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News Releases from
Catholic Missions in Canada 2006

November 2, 2006

 


2006 St. Joseph Awardee Oblate Father Rodrigue VÉzina
has made prayer part of community's life


Priest transmits Mass to the sick and shut-ins

TORONTO-A missionary so well loved by his Northern community they named their high school after him has been chosen as this year's recipient of the 2006 St. Joseph Award by Catholic Missions In Canada.

Father Rodrigue VÉzina, 74, an Oblate missionary priest, has not only served his entire priesthood of more than 45 years in the Diocese of Moosonee, in Northern Ontario, but has also introduced innovative ways of bringing the Gospel to the people.

One of his "inventions" was the television transmission of his daily Mass to the sick in the local hospital and to shut-ins in Attawapiskat, a coastal village along James Bay, at a time before the introduction of commercial television. The Holy Mass is broadcast live daily through the community-owned television station. The morning program opens with prayers and Bible readings led by Fr. VÉzina, followed by religious features from EWTN (Eternal Word Television Network). In the early evening, Fr. VÉzina leads the Holy Rosary prayer then celebrates Holy Mass and gives the homily. Another Oblate, Brother Michel Koostachin, helps run the television ministry program.

Born in Levis, Quebec, Fr. VÉzina came to the Diocese of Moosonee at the age of 29, fresh from his ordination in Quebec City and pastoral studies in Rome. He served in the missions at Pickle Lake, Lansdowne House and Ogoki. While in these communities, he became fluent in the language of the Ojibways. In 1973, he was transferred to Attawapiskat where he continues to serve today as well as in the Mission of Peawanuck on the Hudson Bay coast. In Attawapiskat, he learned Cree, and is now fluent in these two aboriginal languages in addition to English and French.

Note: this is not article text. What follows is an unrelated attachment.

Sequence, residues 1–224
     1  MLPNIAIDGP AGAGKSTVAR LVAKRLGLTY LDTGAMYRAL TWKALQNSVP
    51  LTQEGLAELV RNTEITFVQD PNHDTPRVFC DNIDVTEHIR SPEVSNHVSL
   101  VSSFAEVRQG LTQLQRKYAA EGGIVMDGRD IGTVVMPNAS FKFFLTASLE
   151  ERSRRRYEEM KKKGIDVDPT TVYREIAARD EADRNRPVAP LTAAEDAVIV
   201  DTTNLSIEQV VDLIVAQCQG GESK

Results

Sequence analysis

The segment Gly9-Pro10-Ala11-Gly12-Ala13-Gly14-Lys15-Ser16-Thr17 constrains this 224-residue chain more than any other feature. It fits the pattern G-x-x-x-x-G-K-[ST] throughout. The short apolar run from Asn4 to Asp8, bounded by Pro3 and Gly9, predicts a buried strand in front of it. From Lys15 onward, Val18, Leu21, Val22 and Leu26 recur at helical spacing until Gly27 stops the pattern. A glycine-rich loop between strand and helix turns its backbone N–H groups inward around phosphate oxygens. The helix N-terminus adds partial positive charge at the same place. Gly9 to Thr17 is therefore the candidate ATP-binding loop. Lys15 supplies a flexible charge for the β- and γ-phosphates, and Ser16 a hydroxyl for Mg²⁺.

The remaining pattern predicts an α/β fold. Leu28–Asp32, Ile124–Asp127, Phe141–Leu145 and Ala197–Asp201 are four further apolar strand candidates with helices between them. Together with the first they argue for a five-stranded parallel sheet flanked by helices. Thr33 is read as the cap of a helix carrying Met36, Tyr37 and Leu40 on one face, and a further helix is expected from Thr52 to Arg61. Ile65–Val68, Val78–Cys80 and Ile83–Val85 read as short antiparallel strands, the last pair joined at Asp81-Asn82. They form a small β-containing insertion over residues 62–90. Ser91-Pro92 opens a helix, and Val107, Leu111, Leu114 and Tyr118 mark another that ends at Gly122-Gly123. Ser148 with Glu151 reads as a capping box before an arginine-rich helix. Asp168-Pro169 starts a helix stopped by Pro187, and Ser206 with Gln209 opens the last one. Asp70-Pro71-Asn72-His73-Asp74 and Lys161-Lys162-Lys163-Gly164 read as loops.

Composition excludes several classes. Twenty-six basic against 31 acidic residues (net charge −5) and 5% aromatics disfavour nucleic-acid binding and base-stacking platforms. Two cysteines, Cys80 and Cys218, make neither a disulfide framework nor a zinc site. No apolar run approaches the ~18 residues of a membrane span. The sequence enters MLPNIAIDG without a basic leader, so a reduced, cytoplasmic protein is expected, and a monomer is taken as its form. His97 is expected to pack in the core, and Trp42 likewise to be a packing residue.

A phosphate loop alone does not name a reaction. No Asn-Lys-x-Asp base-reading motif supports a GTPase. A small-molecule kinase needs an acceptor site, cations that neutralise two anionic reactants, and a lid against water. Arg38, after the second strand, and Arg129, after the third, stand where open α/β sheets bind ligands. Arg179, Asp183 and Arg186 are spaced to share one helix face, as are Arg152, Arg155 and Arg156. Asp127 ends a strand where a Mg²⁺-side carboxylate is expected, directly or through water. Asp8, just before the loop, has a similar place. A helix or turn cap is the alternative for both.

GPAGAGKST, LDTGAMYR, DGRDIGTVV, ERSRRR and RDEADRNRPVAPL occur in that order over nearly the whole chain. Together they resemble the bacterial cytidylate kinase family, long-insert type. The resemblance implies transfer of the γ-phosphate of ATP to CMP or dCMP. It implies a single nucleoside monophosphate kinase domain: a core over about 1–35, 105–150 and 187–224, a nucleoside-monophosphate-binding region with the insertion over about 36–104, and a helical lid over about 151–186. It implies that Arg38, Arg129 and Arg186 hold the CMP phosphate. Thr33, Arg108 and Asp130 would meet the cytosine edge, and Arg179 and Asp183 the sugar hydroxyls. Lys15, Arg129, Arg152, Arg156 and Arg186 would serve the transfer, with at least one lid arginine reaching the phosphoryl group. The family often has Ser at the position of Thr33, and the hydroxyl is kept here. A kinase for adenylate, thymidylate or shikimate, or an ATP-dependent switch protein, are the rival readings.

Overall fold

In his home parish at St. Francis Xavier in Attawapiskat, Fr. VÉzina attends to the spiritual needs of his flock. First, by celebrating the Holy Mass, officiating at baptisms and First Communions, and visiting the sick and the elderly; and second, by broadcasting Mass services, prayers, Bible stories and religious events to the sick and the shut-ins. He has made prayer an important part of the Cree community's life.


Sidebar: 'As a young man, I had all kinds of dreams'
-Father Rodrigue Vezina: St. Joseph Awardee


By Father Rodrigue Vezina, O.M.I.

"As a young man, I had all kinds of dreams. One summer, I worked in a tobacco field in Ontario; in another, I worked on a boat and visited the Atlantic provinces. Two summers I worked with the engineers in the forests of Northern Quebec, and when I began high school, the Lord put in my heart to become a missionary. When I finished my studies, my Superior asked me where I would like to go. My answer was: "To be a missionary." Since there was a need in James Bay, I was sent in that area. It really fulfilled my dream. I am happy to work where the Lord sent me through my Superiors.

"The First Nations People are close to nature. I learned through my contact with them to appreciate the trees, the water, the land and the animals living on the land. Taking a walk along the river during the summer or in the forest at wintertime in the silence of nature helped me to get closer to God in Whom we live, move, and owe our being. I thank the Lord for the vocation He gave me, and for His daily support in my life as a missionary."